So as I mentioned I was keen to have the film feel very real, both because of the subject matter and that being my natural leaning for a project like this. I wanted the pace to feel pretty relentless from the get-go - we are thrown into this situation with the young officer and the only time we really slow for breath is during a central dialogue sequence when he is captured and forced to confront the filmís villain, Elijah. This is a key moment when he comes to realise these people are not all that heís assumed, and that they may actually have more reason to be there than he does - he was simply following orders he may not fully understand, for them this is a matter of survival. Itís the only time the camera and editing really slows, something that was actually really geared around Ben Turnerís performance as Elijah. Heís actually the only one who resolute and confident in this actions, who feels in control. Itís a really nice moment of calm before things erupt again!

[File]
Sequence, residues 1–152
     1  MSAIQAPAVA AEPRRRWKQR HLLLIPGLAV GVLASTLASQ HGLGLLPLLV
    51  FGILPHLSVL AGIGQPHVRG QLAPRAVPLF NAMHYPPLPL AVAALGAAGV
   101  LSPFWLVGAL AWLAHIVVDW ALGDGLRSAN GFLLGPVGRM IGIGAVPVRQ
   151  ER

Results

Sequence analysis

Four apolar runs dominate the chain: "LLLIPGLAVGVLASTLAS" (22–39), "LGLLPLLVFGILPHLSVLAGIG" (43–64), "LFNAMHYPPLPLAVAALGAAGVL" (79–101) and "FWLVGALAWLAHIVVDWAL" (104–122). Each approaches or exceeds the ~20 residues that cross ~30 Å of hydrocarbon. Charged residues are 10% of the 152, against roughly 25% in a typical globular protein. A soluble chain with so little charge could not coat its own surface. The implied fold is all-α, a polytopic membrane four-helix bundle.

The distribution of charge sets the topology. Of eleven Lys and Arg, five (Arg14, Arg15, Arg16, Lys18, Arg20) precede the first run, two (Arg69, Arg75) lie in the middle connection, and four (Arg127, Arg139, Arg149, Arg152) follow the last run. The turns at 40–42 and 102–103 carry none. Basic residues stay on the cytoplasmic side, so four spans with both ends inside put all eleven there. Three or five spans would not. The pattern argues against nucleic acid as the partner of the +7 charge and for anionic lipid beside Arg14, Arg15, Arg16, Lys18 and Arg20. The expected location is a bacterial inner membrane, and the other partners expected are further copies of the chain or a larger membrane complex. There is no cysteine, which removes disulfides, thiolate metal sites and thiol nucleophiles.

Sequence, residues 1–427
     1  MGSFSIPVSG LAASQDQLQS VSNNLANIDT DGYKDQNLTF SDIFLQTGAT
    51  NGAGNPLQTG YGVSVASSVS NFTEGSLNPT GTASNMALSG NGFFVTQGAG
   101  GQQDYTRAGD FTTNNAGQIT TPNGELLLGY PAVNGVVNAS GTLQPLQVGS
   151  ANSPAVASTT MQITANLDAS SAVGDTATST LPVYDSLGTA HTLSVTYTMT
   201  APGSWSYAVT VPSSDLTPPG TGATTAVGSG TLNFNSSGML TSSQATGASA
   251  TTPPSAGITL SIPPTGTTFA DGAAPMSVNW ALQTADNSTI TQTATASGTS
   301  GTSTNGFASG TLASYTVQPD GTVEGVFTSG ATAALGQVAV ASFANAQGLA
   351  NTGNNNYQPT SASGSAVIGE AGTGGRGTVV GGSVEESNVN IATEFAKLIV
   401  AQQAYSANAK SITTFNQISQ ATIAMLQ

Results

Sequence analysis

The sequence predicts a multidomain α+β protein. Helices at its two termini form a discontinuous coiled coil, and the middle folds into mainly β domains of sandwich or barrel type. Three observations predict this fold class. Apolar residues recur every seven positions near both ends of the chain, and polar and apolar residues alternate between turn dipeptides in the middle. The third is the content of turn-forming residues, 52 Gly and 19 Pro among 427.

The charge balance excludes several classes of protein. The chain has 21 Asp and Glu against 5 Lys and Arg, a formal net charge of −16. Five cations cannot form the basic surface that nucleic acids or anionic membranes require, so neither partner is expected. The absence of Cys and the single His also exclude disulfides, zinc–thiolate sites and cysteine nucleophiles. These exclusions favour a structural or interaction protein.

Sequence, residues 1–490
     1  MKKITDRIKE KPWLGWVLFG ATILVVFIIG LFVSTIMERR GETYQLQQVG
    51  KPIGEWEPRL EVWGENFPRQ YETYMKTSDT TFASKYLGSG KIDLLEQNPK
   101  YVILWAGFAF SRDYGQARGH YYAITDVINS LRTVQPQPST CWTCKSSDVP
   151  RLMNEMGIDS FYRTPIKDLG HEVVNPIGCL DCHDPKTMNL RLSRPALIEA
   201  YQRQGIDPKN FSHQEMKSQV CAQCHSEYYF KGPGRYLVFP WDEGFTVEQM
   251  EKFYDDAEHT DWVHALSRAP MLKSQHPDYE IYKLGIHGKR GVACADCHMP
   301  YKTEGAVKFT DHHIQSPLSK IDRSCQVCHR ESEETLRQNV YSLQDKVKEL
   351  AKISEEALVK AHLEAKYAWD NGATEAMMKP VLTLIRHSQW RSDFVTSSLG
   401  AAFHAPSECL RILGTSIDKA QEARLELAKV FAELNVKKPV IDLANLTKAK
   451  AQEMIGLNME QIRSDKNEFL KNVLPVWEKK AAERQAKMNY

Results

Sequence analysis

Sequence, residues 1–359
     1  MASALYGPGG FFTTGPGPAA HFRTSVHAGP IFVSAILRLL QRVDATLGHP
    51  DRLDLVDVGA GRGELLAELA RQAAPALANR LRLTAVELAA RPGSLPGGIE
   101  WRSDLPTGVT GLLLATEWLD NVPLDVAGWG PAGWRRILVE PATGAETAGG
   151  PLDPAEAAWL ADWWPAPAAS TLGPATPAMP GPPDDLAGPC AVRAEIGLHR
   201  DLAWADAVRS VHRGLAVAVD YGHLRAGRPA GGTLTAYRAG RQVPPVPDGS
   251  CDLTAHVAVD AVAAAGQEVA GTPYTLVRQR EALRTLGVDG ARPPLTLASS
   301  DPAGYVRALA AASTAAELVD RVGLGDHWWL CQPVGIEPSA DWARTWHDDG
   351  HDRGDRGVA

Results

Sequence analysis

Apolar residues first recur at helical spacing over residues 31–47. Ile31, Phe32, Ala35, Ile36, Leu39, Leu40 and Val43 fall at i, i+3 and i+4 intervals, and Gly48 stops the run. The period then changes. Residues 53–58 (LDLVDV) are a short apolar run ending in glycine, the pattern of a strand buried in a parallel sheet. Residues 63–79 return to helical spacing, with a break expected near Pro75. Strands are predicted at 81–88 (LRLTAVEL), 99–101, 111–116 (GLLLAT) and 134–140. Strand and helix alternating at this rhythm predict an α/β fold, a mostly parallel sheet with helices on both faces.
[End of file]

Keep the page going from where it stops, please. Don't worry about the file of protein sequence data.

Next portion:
Do talk about Officer Down's key cast, and why exactly these people?


The cast all did an incredible job. I mentioned Martin Delaney, who the script was written for from the start, Iíve known him since 2012 when we did our first film together, Judas Ghost, a horror feature and an altogether very different project. He was a pleasure to work and is an extremely versatile actor who can swing effortlessly from comedy to drama, and to action. I knew heíd be good for something like this so shaped the role around him.